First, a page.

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The History, Manufacture, and Parts of this Classical Ballet Tradition

The Pointe Shoe:

Caitlin Miller 3/14/2012

Italian dancers began to wear a new version of the shoe that was less pointed and had a thicker platform sole. To begin. Taglioni’s shoes were merely satin slippers with a special leather sole meant to provide support. a type of footwear commonly worn by ballet dancers. In the 1930s. so dancers experimented with using glue. and specific parts will be discussed in detail. A special machine is used to fold ribbon around a thin piece of elastic and sew both the ribbon and elastic along the top border of the satin. manufacturing. wood. 3. was made sturdier with numerous layers of fabric. However metal for pointe shoes became hard to find during World War II. Ballet dancers borrowed this idea and started wearing slippers with metal soles for increased support. the size of which determines the size of the shoe. allowing the dancer to pull the shoe tightly around her foot. . and their basic design forced dancers to build astonishing foot and ankle strength. a pattern is used to cut three pieces of pink satin and three corresponding pieces of cotton. These six pieces are then sewn together to form what will later be the shoe’s satin outside and inner cotton lining. Additionally the part of the shoe surrounding the toes. The shoemaker then lays the satin across a wooden form. This Italian version of the shoe was further altered in Russia. where the dancers removed the nails in order to make their movements quieter. 2. all pointe shoes are made in a relatively similar fashion. This document was meant for an audience without much firsthand ballet experience and therefore takes an introductory and simplistic approach to the subject. traditionally worn by women. 1. The Manufacture of a Modern Pointe Shoe Today. In the late 1800s. and fabric instead. It is best suited for publication on a dance appreciation blog or within a dance appreciation reference book. which allows the dancer to balance upon her toes. called the box. and the reader will hopefully gain an increased appreciation for their use in ballet today. The History of the Pointe Shoe A pointe shoe is ballet footwear. The pointe shoe’s history.This Description’s Audience and Scope The purpose of this document is to familiarize the reader with pointe shoes. The enclosed elastic will later serve as a drawstring. Broadway dancers began to wear shoes with steel soles to allow for toetapping. The modern pointe shoe’s earliest predecessor was worn sometime during the early 19th century by Marie Taglioni as she danced in La Sylphide.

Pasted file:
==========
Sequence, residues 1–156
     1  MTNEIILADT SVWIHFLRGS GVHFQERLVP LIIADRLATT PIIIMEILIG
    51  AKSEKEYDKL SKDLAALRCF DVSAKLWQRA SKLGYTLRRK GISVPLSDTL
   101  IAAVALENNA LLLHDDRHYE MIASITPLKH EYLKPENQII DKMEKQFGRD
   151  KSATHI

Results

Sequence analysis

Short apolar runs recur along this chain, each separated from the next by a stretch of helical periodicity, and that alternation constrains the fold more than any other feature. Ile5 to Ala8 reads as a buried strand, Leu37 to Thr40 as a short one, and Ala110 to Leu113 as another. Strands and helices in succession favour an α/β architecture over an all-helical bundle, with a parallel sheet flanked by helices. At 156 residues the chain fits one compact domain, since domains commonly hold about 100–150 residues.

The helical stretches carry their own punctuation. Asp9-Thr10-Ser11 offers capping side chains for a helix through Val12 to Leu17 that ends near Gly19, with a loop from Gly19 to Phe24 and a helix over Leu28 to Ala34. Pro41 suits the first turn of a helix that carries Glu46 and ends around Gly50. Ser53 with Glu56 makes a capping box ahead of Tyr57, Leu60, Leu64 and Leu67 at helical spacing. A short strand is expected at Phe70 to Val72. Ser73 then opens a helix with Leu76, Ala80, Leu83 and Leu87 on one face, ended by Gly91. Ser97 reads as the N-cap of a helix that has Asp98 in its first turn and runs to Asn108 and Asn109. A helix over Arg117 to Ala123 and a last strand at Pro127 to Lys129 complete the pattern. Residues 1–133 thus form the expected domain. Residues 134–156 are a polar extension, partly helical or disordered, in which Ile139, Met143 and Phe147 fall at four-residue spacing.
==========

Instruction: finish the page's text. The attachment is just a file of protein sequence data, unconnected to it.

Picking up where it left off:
After the shoe is allowed to sit for twenty-four hours. because it allows the box to be stiff enough to sustain the dancer’s weight but supple enough for the dancer to move gracefully. The inner cotton lining is nailed to an insole at the bottom of the form. 10. the shoe is heated to 200° Fahrenheit. 5. The last step is to place the shoe in a press for fifteen second so that the bond between sole and shoe is solidified. A layer of resin-coated cotton is smoothed over the toe. 8. This insole is made of both stiff cardboard for support and plastic for flexibility. The shoemaker uses a unique mixture of flour. one pair can be sold for approximately $50 to $90. called the box. 11. Depending upon the shoes’ quality. and the nail is removed after the glue dries. 9. almost like paper mâché. Before the paste dries. The shoemaker uses extra-strength vinyl glue to attach a foam filler to the bottom of the shoe and then leaves it to air-dry. . followed by two layers of burlap and a layer of pure cotton. The box’s base is formed using fabric and paste. water. 6. and the heat reactivates the dried vinyl glue so that the outer suede sole can be attached. starches and resin to attach each layer to the shoe. Once the shoe is completed. the wooden form can be removed and the shoe can be packaged for sale. The next step is to build the part of the shoe that covers the dancer’s toes. the shoemaker hammers the tip of the box so that it is perfectly flat and can be balanced on by the dancer. Glue is used to further attach the lining to the cardboard. 7.4. This paste is crucial to the process. Another twenty-four hours later. the cotton lining and the satin are folded into dainty pleats and glued to the insole.